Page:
New Zealanders have a passion for cars. With the exception of the US, our love affair with the automobile has led to New Zealand having more cars per head of population than anywhere in the world. The car industry is very different to how it once was back in the late 1980s. The significant changes to regulations around importing vehicles have influenced New Zealanders’ consumption of cars.
For a mere $708m (or about $165 each) we all took proud ownership this week of one slightly used rail and ferry network. Add to this cheque, the money needed for track maintenance and upgrades of rolling stock and the public investment will be well in excess of $1 bn.
Many financial analysts view the currentslide in the ‘Baltic Dry Index’ as indicative of an upcoming collapse incommodity prices, however we do not believe the story is quite that clear cut.
As you stand at the petrol pump watching the dollars clickingover on the counter, think about what it’s really costing you to drive aroundin your car. It’s not the petrol. The big latent cost is depreciation – whatyou paid for your pride and joy will in many cases turn into a lot less whenyou come to sell it or trade it in. In very broad terms, fuel purchasesaccount for around 10% of the total annual cost of owning and running anear-new car.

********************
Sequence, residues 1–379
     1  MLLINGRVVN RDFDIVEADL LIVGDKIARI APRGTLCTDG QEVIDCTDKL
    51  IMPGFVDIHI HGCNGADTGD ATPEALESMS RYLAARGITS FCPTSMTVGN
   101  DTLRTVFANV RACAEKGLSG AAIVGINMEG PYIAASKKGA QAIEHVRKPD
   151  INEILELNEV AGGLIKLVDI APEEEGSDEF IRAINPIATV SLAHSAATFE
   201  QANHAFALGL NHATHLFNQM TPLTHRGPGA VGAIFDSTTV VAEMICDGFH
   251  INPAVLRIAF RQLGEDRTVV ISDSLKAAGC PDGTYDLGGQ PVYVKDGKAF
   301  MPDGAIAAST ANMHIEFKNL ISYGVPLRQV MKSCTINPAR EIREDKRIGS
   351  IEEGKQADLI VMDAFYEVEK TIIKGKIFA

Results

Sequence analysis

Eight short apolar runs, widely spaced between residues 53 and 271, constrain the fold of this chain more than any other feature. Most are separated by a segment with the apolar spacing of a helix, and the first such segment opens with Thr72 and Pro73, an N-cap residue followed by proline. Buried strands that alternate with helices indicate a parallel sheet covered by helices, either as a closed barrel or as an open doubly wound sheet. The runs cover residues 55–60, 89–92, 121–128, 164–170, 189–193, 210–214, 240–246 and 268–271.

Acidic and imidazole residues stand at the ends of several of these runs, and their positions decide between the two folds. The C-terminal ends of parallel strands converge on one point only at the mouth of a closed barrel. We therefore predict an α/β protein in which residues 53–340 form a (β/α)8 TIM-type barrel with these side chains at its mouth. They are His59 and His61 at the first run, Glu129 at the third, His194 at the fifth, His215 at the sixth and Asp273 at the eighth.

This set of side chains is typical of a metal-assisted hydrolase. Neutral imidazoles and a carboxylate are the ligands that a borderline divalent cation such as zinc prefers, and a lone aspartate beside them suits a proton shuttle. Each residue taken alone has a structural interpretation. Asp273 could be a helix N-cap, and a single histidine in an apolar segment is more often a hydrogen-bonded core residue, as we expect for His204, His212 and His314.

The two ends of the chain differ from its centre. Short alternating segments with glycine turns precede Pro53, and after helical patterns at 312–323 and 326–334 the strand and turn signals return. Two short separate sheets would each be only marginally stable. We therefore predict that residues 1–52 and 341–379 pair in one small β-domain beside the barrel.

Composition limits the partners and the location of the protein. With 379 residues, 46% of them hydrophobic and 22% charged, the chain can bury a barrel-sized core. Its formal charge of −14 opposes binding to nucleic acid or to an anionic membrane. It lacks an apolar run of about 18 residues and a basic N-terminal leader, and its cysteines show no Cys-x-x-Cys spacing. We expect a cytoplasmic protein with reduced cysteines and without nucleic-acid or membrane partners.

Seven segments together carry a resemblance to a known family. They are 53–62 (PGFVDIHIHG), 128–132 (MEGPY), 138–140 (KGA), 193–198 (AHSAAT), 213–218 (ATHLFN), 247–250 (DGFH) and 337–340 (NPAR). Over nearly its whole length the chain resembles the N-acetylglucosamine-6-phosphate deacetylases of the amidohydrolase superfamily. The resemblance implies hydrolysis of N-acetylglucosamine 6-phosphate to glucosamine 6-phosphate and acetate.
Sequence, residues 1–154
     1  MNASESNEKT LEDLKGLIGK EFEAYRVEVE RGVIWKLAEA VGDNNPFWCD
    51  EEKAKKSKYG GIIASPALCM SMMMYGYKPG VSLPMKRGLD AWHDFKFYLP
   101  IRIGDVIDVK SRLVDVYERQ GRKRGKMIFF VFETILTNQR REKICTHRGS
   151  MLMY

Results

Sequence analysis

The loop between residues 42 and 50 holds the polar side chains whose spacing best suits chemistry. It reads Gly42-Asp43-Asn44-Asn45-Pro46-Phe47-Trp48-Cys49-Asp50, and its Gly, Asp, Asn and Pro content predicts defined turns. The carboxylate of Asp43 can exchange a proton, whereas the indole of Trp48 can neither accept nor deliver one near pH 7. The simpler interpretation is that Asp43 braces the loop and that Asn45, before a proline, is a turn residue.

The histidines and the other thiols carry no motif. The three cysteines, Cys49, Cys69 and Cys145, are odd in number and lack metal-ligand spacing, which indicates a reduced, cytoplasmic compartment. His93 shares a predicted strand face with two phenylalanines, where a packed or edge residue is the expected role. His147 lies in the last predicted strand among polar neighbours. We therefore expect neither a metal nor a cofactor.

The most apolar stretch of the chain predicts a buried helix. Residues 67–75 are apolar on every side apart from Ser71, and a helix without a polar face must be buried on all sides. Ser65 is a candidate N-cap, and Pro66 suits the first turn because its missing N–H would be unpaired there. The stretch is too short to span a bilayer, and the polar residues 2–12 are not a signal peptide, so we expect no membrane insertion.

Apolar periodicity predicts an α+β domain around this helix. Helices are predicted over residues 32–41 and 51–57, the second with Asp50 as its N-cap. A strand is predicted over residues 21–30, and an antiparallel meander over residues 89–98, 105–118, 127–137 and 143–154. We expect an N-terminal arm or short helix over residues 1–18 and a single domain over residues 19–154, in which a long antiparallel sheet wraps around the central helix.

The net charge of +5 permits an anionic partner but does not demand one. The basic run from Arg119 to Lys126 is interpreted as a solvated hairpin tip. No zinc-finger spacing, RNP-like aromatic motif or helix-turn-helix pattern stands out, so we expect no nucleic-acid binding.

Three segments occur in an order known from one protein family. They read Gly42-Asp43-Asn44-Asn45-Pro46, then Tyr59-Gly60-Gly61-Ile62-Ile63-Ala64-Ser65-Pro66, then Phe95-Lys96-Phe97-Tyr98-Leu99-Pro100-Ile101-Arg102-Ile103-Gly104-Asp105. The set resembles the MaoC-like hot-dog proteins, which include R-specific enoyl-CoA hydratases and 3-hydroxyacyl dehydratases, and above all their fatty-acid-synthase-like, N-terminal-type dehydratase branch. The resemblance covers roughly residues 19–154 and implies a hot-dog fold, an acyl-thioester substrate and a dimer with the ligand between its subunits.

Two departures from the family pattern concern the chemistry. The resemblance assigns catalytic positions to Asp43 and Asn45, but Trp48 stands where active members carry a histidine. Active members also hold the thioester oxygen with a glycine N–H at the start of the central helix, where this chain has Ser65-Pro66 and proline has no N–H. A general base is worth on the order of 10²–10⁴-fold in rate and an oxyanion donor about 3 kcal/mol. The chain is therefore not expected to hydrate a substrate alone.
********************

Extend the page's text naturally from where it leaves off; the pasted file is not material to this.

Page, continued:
Road freight transport operators were slugged with a nasty one-two combination over the first six months of this year. A slowdown in economic activity weighed heavily on demand for road freight transport services, while soaring diesel prices and surging wage costs put the squeeze on margins. But after a tough start to the year trading conditions appear to be improving.
The fall in fuel prices over the past six weeks will be adding some fat to some pretty lean margins in the trucking industry. How much further will prices fall? Not much in our view. Although there are some conspiracy theories floating about that suggest the Saudis will pump enough oil to drop prices leading into the November mid-term elections in the US to help George Bush. An interesting theory, but one we don’t subscribe to.
The Audi A10’s win at this year’s Le Mans 24 hour endurancerace was the most significant victory yet for a diesel-powered car in a majorracing event. Moreover, not only did the Audi win, but it was also thecleanest and quietest car in the race. Diesels are also enjoying success offthe track. Underpinned by lower running costs, diesel cars’ popularity in Europeis now such that they are expected to out-sell new petrol cars during 2006.